When most people think about Snoop Dogg consuming a mind-altering recreational drug, they think of him rolling up endless blunts made with the finest marijuana known to man. Snoop loves weed so much that back in April he invested in an a marijuana delivery startup called Eaze. Snoop was one of four investors who put together $10 million for the company to become Uber-for-weed. But, contrary to what you might assume, THC isn't Snoop's exclusive chemical of choice. The rapper also has been known to enjoy good old fashioned alcohol to take the edge off. Typically in the form of beer. And when Snoop reaches for a beer, he reaches for a Colt 45. So what does this all have to do with Pabst Blue Ribbon? And why is Snoop now suing PBR? You're about to find out…
Earlier today, Snoop (real name is Calvin Broadus), filed a lawsuit in Los Angeles superior court against Pabst Blue Ribbon. In case you didn't know, in addition to making PBR, Pabst also owns Colt 45. Or at least they did until last November when the entire company was acquired by a Russian investor conglomerate.
What does that sale have to do with Snoop? Well, it all starts back in 2011 when Snoop signed a three-year endorsement contract with Colt 45 to become the official spokesman for the brand's fruit-flavored line of malt beer "Blast by Colt 45." As spokesman, Snoop DJed several PBR parties, made a bunch of live appearances, and played concerts that were sponsored by Pabst brands. He was given a one time upfront fee of $250,000 plus $20,000 every 10 times he mentioned the brand on social media. He also appeared in this video campaign for Colt 45 called "Keep It Colt 45":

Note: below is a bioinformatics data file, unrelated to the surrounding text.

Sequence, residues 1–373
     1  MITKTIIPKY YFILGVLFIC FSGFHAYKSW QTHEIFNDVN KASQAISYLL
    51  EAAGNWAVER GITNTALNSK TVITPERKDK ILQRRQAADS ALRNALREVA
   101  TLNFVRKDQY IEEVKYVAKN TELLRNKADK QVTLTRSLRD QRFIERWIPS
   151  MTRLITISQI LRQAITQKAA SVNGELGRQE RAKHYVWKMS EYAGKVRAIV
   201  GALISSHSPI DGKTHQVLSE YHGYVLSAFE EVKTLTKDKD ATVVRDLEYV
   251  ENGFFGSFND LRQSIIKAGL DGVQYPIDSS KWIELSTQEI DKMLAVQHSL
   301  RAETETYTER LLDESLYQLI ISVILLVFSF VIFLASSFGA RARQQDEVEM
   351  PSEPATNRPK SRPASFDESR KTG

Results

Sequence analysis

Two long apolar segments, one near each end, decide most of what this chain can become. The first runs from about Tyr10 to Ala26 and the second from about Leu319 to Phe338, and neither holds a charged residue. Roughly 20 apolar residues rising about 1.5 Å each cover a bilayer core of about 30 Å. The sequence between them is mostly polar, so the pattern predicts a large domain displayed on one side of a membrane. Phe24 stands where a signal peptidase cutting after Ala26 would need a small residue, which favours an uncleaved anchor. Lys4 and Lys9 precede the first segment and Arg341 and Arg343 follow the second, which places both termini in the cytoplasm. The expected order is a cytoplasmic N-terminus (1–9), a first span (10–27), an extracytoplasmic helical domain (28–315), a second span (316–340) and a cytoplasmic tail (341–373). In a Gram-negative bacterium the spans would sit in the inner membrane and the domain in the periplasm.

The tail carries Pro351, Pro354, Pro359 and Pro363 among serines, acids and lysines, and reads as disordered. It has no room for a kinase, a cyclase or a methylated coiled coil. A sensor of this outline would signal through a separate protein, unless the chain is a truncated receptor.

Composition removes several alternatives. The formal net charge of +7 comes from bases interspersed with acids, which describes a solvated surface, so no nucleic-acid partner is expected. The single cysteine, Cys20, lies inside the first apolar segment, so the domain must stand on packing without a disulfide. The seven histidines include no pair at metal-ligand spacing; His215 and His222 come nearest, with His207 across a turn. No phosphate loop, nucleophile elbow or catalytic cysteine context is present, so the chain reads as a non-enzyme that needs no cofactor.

According to the lawsuit just filed, in the event that Pabst was acquired, or if the company separately sold off Colt 45, Snoop would be entitled to a portion of the sale price. Specifically 10% of the value of Colt 45. This entitlement was reportedly supposed to last through January 2016.
It's unclear how much Colt 45 was valued out in the $700 million deal, but today insiders are estimating that Snoop is seeking a minimum of $10 million.
The lawsuit was filed just a few hours ago, so there's not much else to report. Pabst has not made a public comment yet. If you want learn more about the history of Pabst and how a group of investors flipped the company for a $450 million profit in four years, read this article.
Update: When the lawsuit was first filed, we were under the impression that Snoop's contract entitled him to 10% of Pabst overall sale price ($70 million). Today we learned that Snoop's contract specifically was with Colt 45 and therefore would entitle him to 10% of whatever Colt 45 was worth.